Hello & welcome to our first Grow Girl Seattle grow along! I'm really happy that so many people plan to participate, so I wanted to give a little background info before we get to planting this fall.
A "grow along" just means that we're growing something together, as a fun way to connect virtually with other gardeners and flower lovers and share plans & progress. I thought it would be great to organize a grow along for something I love and make every year: potted bulbs. The beauty of potted bulbs is that whether you're a beginner or a gardening pro, have 3 feet or 3 acres of outdoor space, or have $30 or $300 to spend -- this is something you can join in on!
You'll need three things:
In the pots, I usually layer flower bulbs to create a "lasagna". You can set up the lasagna to have one big flush of blooms, or stagger the blooms to extend for several weeks. If that's not your speed, you can keep it simple with one layer.
Whatever you choose, it is really magical watching flowers poke up from the frosty ground in late winter/early spring when we all need something cheery. And even more fun when you have a little online community doing this together. I hope you'll use the hashtag #ggsbulblasagna or tag me so that those participating can see your beautiful flowers!
This photo is from Farmer Gracy.
We won't be planting until the fall, but here's the overview of what you'll need in case you want to pick things up ahead of time.
The Flower Bulbs
I wrote a post back in April about ordering flower bulbs, but before you go back and read that, let me simplify here first. For this grow along look for "fall planted" bulbs, meaning we'll plant this fall 2021, and they'll bloom next spring 2022. You can get flower bulbs locally, at a nursery or garden center, stores like Fred Meyer or Home Depot, or you can order bulbs online. For the most part I order my bulbs online because it's easier for me to take my time, and there tends to be a bigger selection with more information at my fingertips. But I love to support local businesses so I order many of my bulbs from Washington companies (like Roozengaarde) and I always pick some bulbs up in the fall from Swanson's Nursery and Fred Meyer here in Ballard. Just a note that if you order online your bulbs won't show up until the fall, right before planting time. This is good! The bulb company holds them for you at the right temperature until its time for you to plant.
Here are a couple combos I've been thinking about.
Blue & Orange: Bright blue grape hyacinths with the cream & orange swirl of replete daffodils - just two layers that will bloom together for a gorgeous color combo. You could add tulips, like parrot king, as a third layer to extend the blooms.
White & Yellow: Jeanne d'Arc crocuses will bloom first, followed by bridal crown daffodils with a swirl of yellow, and cream-color avant garde tulips will bloom last.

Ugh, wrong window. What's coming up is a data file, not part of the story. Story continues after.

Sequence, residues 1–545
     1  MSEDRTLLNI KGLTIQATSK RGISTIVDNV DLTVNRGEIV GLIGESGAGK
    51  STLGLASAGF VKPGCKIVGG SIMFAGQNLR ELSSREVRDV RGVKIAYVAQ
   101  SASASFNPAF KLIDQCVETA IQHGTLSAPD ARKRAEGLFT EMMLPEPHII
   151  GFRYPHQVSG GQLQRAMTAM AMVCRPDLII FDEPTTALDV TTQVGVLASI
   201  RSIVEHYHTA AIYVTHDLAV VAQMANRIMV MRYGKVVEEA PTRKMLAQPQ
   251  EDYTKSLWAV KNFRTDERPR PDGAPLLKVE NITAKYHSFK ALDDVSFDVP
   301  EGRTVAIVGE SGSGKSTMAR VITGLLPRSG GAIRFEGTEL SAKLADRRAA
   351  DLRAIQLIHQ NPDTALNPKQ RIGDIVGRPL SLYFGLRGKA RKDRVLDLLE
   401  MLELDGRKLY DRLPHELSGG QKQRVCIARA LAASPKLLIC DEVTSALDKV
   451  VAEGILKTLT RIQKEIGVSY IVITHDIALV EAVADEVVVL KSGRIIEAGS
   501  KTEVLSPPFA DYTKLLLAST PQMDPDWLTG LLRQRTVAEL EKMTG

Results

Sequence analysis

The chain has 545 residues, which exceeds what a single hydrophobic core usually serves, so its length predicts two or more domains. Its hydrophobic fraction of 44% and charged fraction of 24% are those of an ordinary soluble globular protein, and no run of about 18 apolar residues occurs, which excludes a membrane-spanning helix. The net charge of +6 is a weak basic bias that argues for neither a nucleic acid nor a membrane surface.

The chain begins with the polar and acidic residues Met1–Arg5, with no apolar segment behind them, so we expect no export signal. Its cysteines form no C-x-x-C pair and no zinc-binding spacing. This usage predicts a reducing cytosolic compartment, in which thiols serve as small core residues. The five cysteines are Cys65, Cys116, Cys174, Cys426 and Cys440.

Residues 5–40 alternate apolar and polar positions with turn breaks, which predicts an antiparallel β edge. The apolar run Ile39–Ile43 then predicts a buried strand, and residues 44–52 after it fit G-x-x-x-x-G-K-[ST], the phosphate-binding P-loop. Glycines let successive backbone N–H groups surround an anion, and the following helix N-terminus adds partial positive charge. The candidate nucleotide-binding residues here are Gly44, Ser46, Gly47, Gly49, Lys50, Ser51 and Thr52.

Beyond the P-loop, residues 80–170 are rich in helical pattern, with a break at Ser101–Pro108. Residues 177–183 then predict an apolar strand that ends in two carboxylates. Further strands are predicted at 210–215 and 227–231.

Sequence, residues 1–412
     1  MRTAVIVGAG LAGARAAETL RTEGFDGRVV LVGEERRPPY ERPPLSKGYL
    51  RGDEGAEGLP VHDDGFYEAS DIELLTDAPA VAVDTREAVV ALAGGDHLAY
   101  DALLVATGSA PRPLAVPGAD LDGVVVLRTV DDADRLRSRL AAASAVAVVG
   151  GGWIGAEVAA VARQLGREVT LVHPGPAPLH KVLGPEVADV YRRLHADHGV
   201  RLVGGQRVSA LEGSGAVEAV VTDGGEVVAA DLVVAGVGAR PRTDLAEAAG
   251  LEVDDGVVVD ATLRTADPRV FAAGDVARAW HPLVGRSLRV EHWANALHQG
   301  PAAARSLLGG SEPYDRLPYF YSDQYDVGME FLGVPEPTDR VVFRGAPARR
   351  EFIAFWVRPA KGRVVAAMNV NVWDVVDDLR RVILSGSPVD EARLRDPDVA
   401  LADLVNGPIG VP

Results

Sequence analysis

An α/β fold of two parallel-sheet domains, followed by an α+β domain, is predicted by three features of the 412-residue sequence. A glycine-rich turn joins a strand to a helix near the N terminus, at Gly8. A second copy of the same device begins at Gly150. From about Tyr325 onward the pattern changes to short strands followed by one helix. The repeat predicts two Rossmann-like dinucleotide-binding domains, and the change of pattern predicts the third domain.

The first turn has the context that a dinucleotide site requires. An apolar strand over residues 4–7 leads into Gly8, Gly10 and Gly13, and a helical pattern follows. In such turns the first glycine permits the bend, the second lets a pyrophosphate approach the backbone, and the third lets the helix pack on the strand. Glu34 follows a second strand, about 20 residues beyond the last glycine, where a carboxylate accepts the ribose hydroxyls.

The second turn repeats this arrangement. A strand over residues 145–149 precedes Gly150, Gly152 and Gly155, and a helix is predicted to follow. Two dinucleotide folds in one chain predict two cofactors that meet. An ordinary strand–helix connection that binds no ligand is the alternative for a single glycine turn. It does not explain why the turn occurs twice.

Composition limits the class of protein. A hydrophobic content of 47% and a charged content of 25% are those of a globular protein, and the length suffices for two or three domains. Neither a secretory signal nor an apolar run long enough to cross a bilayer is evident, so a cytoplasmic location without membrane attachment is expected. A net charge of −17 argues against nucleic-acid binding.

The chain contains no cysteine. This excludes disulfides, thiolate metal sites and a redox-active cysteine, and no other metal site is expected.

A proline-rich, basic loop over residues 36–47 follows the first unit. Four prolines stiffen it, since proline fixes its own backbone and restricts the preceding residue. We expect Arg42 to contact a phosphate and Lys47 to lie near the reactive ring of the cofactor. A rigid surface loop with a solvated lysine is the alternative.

Bright: Purple, pink, yellow, and peach Empire State mix hyacinths, that will die back and be replaced with hot pink Velry Gerglev tulips.
See more information & recommended combos in my April post about ordering bulbs.
The Flower Pot
For the pot, you can use terra cotta, clay, ceramic, composite, plastic, hardy biodegradable pots, grow bags, or even a bucket with some holes drilled into it! Depending on your climate, be careful with terra cotta and ceramic, both of which can crack in freezing temperatures as moisture in the soil freezes and expands.
You just need something about 12 inches tall (or bigger) that drains well. It should have drainage holes in the bottom so that water has a way out. Otherwise the bulbs will sit in water and rot.
Local hardware stores normally have a great selection, and you can find some real treasures at yard sales, thrift shops, and antique stores.
Here are a few pots that would work well. These are photos from my recent visit to Sky Nursery.
If you have a bigger budget, you could kick it up a notch with a glazed ceramic pot, an urn (note: this specific one would need drainage holes drilled), or a steel planter. Links are just to show examples.
This part is fairly easy! Grab a bag of potting soil, or more if you're doing multiple pots. You want something well draining, which most potting soils are. I've been using G&B Organics potting soil lately because it's an organic option available at local stores. If you can try to find something that is OMRI listed or has another organic certification, that's always best for ensuring healthy content in the soil!
Go ahead and get your bulbs ordered now if you haven't already, keep an eye out for a beautiful flower pot or two for your bulbs, and no rush on buying potting soil. You can sit tight until the fall, when I'll send another post out showing how to assemble your lasagna.
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